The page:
Bikes and mobile phones for health
A few days before the Gran Via site of Fira de Barcelona hosted the congress of the EASD, European Association for the Study of Diabetes, between the 24th and 27th September, the participants in the mHealth Grand Tour arrived in the city. This is a non-competitive cycling event that started on the 5th and covered the 2,100 kilometres separating Brussels and Barcelona in two weeks.
The purpose of this remarkable journey, which was promoted by the International Diabetes Federation and GSMA, the association that represents the interests of the mobile communications industry and organizer of the Mobile World Congress, and which enjoyed the support of the European Commission and technical assistance from Newscastle University, was to highlight the value of research and how mobile applications and devices can help people to control diabetes and its related conditions, making it possible for them to enjoy a more active lifestyle.
Jeanine Vos: “Remote diagnosis and prevention programs”
The GSMA has led a number of mhealth initiatives that have taken off around the world, showcasing the potential health benefits that mobile technologies can offer. This is the view of Jeanine Vos, mhealth director of GSMA: “The opportunities in a sector like mhealth are enormous. Mobile technologies can go so much further than a simple smartphone application: operators can use their networks to offer health services to the public, from a remote diagnosis to the implementation of prevention programs”.
Jeanine Vos reminds us that “Europe has more than 55 million diabetes patients, and many more with the condition that have not yet been diagnosed. It is vital for these chronic patients and their families that aspects of their lives such as diet, exercise and medication are carefully monitored.”
Mobile technologies can play an important role in preventing diabetes, and in the diagnosis and treatment of patients. “By monitoring the relevant indicators with their smartphones,” Vos explains “including the blood-sugar level, blood pressure, levels of exercise, diet and medication, pulse and weight, our mobiles can contribute to better treatment of the disease in the early stages and help to prevent the complications associated with diabetes. Besides, it also fosters better information sharing among the medical professionals involved.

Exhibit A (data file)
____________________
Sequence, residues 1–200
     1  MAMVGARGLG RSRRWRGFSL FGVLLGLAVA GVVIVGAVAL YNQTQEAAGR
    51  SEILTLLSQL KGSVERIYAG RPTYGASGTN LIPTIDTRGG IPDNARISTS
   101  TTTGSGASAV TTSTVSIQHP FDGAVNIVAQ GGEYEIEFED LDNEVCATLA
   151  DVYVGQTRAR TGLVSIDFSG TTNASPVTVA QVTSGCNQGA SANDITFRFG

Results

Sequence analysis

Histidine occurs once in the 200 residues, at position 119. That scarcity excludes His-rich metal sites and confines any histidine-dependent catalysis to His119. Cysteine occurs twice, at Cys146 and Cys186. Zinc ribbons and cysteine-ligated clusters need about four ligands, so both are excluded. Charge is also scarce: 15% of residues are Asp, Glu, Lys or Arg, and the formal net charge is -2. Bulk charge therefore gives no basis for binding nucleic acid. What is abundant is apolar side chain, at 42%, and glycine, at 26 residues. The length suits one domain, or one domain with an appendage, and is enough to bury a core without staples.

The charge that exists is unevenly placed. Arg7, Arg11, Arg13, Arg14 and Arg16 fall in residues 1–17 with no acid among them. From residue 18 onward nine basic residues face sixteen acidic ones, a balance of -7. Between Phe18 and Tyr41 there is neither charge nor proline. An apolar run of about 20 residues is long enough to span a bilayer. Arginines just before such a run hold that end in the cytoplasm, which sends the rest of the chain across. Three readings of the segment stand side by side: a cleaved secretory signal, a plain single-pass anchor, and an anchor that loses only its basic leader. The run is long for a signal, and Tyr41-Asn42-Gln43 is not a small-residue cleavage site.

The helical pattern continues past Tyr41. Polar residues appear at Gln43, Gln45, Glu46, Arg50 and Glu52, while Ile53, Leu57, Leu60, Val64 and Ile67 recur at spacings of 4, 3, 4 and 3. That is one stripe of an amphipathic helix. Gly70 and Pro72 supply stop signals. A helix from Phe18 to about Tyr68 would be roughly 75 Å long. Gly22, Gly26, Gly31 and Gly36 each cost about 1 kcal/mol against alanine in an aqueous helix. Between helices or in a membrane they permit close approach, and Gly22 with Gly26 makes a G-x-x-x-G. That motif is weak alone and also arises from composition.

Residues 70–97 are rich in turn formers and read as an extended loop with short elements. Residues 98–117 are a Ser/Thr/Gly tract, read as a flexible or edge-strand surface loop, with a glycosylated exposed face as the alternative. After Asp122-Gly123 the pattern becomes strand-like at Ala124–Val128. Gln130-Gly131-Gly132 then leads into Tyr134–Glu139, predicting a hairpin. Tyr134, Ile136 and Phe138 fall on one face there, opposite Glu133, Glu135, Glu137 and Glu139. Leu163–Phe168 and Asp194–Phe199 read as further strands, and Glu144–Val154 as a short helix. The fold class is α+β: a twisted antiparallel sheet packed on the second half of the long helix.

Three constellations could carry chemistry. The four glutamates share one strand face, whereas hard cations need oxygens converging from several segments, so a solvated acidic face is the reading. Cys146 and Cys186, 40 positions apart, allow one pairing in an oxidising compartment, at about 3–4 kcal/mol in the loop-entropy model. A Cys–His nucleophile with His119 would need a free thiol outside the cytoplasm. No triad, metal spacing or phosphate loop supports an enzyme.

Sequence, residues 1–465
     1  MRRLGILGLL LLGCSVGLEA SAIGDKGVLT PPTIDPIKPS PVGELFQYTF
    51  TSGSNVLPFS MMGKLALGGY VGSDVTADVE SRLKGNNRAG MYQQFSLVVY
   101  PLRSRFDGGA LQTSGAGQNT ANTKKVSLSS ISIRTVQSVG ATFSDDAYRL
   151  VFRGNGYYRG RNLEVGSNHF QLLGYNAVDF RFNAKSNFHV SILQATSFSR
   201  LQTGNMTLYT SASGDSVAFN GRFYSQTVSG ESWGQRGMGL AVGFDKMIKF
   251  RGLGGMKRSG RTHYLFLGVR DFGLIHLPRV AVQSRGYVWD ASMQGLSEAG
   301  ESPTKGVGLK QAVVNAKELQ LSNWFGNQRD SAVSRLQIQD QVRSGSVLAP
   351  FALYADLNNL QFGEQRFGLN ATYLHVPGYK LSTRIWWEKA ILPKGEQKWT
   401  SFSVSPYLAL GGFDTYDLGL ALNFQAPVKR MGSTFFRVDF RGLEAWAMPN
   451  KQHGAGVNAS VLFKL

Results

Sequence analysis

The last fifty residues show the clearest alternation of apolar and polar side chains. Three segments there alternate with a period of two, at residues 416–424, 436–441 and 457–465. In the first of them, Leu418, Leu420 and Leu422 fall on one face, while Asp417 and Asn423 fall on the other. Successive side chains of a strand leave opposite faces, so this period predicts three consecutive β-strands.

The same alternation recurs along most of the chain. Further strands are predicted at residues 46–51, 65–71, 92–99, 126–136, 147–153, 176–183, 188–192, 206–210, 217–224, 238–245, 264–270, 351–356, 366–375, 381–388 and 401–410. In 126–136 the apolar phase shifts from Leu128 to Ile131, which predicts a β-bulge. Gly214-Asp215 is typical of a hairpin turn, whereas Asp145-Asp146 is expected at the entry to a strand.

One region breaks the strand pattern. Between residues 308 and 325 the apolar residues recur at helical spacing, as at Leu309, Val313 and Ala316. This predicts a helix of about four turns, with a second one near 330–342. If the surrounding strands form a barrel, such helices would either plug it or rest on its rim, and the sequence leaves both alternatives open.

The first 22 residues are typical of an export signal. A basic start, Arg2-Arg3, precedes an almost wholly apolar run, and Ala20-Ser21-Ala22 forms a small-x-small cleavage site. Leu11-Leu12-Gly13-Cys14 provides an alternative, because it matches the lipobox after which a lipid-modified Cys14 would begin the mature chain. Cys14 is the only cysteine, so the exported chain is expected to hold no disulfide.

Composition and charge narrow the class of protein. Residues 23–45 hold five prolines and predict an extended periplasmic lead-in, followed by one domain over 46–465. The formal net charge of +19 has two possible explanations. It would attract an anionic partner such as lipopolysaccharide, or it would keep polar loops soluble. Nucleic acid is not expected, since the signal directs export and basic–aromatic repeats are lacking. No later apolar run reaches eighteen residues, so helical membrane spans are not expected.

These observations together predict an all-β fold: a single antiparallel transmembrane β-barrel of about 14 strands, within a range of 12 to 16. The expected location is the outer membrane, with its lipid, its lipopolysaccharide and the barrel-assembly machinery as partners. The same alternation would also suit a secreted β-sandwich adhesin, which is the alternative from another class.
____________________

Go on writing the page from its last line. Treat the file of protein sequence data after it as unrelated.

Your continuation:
Savings of 9,900 million
A report by GSMA and Pricewaterhousecoopers estimates that mobile technology can provide savings of up to 9,900 million euros in health spending in EU countries in 2017. “This saving will come from intensive use of the mobile pone to promote a healthy lifestyle for the public,” explains the director of mHealth for GSMA, “or from better diagnoses and treatment of certain conditions thanks to the phone, or from the reduction in hospital admissions that will occur when people are better equipped to manage their health”.
More than 1000 projects worldwide
The GSMA leads mhealth initiatives across the world, and has registered over 1,000 projects of this type. Beyond the prevention, diagnosis and treatment of chronic illnesses, there are many ways in which mobile technology can be applied in healthcare.
For example, in Brazil, SanaMobile has developed a medical device that can be connected to a mobile phone to detect cataracts or other eye conditions for use in remote areas where medical care is very limited. In the Philippines, the company Smart has developed an electronic health registration system which will enable social workers to monitor the health of their neighbours. In Greece, Vodafone has introduced mobile solutions to connect medical specialists with general practitioners in the remote villages of the islands. There are many possibilities and we look forward to fascinating new services emerging in the coming years.